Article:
referring source:Kakunodate Denshiro


Specialized craftsmen strip off the bark of wild cherry trees.

The timing is also important, and it is carried out from August to September when the trees are growing well and the water content is high.

The bark of a tree that has survived a harsh natural environment such as severe cold and snow leaves various traces in the body.

The traces become the expression of the tree and create an attractive flavor.


After making a 40 cm cut in the bark using a special knife, peel it off by peeling it up from the trunk.

In addition, if the bark of the entire tree is not stripped off at once, it will not die.

It is possible to continue while regenerating the bark because the part to be stripped is changed, such as this time this time and that next time.

The regenerated bark is called “Nidokawa” and is used as a valuable material for kabazaiku.


The stripped bark is carefully dried for about two years before being processed.


②Birch shavings

referring source:Tomioka Shoten Co., Ltd.


Birch (wild cherry tree bark) is classified into 12 types according to its condition and color.

Some types are listed below.


・Cracked skin

Bark of the highest quality. Birch with shiny, vertical cracks.


・Crepe skin

As the name suggests, this birch can be seen on crepe.


・Candy skin

A birch with a caramel color.

The type of birch used differs depending on the product, so craftsmen select the one that best suits their purpose and cut it to the appropriate size.

Even if it is the same product, it is possible to enjoy different expressions by changing the birch used.


Moisten the curled birch with water and stretch it out while applying a warm trowel.

After that, the surface of the birch is shaved with a wide knife blade to bring out the luster.


③Glue coating

referring source:Tomioka Shoten Co., Ltd.


Apply glue to the shaved birch and let it dry.



referring source:Tomioka Shoten Co., Ltd.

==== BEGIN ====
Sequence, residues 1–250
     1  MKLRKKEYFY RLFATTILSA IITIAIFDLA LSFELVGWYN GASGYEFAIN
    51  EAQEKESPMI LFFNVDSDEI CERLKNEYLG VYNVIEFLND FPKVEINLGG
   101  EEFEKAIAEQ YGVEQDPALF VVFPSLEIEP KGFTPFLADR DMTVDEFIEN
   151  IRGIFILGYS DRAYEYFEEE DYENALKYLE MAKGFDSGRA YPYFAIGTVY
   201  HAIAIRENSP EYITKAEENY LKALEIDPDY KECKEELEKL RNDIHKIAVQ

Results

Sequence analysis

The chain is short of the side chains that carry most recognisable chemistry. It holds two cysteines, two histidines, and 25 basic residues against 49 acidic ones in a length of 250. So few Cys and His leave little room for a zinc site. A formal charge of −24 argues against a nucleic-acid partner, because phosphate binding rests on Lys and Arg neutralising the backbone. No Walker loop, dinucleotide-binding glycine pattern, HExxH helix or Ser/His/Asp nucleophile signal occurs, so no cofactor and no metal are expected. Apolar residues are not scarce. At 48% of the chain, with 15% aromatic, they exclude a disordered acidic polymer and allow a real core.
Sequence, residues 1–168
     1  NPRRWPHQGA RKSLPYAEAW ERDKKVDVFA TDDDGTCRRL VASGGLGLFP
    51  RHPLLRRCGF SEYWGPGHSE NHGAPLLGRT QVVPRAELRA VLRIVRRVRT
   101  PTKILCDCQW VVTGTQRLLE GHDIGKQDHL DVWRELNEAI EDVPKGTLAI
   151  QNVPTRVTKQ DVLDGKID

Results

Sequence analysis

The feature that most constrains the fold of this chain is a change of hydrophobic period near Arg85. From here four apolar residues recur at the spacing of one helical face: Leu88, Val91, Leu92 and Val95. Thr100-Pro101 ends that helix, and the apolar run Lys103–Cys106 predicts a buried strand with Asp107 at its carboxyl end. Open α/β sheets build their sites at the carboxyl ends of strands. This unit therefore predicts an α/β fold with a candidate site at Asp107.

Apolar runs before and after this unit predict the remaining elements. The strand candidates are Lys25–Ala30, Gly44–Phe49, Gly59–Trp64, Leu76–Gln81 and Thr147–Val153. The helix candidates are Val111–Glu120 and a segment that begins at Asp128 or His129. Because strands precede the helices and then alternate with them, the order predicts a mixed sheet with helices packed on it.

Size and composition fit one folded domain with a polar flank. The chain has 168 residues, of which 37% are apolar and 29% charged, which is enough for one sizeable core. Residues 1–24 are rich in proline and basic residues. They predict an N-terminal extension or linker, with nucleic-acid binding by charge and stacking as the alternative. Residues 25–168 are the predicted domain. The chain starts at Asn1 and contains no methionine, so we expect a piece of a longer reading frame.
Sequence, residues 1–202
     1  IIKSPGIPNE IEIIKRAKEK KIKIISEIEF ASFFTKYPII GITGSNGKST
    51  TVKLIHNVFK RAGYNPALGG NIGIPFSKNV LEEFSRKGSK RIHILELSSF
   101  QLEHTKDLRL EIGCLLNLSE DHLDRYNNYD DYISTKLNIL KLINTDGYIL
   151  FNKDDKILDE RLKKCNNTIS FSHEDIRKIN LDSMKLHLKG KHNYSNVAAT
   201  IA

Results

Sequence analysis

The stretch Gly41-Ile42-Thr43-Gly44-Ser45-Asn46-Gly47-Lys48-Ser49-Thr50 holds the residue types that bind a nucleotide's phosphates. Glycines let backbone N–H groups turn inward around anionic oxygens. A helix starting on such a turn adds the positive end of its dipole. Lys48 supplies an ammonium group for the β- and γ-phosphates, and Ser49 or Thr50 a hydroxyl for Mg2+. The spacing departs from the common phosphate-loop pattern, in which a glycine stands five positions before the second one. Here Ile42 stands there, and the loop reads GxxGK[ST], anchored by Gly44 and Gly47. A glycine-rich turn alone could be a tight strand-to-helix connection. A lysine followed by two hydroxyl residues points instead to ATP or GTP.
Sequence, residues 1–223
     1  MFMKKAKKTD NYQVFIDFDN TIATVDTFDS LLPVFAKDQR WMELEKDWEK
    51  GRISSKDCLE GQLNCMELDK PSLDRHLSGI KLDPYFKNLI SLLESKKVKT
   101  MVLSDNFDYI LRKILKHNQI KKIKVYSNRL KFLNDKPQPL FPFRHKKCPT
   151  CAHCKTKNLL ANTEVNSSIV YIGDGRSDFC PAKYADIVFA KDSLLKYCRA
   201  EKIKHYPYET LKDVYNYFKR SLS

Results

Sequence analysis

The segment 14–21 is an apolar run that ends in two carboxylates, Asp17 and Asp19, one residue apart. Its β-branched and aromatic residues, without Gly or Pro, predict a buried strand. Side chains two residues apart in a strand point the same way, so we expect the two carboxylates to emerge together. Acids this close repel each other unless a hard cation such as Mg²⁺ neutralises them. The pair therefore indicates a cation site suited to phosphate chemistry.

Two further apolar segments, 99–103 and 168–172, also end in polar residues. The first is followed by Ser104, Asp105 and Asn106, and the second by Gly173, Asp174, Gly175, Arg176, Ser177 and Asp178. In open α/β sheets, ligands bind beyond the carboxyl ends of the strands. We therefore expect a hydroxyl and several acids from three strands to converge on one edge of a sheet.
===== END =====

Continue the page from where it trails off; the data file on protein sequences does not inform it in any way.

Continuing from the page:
A paper-like thinly shaved wood is wrapped around a wooden pattern.

After that, while pressing the warmed iron against it, curl it into a cylindrical shape.

After removing it from the mold and pasting the birch on the inside, the process is complete.


⑤Sticking to the body

referring source:Tomioka Shoten Co., Ltd.


Glue is applied to the wood that will be the core of the product, and the birch is attached.

Glue is used instead of adhesive to prevent wrinkles in the pasted area.


For the following two reasons, it is a work that requires years of experience and skillful skills by craftsmen.

・Because a heated trowel is used, it must be kept at a temperature that does not burn the birch.

・It is very difficult to apply a trowel so that wrinkles do not appear.


As I have introduced so far, trowels and glue are often used in the kabazaiku process, so many workshops have a fire to keep them warm.



referring source:Tomioka Shoten Co., Ltd.


It is a work to process the cylindrical top part and bottom part.

After shaving with a small knife, use a planer to smooth the edges.

Apply glue to the upper part and paste the birch using a trowel.

Once the top part is finished, the craftsmen do the same for the bottom and they are done.


⑦Polishing and finishing

referring source:Tomioka Shoten Co., Ltd.


Using natural abrasives such as horsetail, the birch surface is polished many times.

After further polishing with whetstone powder, apply a little beard oil and polish with a cloth to complete.


By going through this process, not only the luster but also the tasteful color of the wild cherry bark comes out.

No artificial paint is used, so you can enjoy the beauty of the material itself.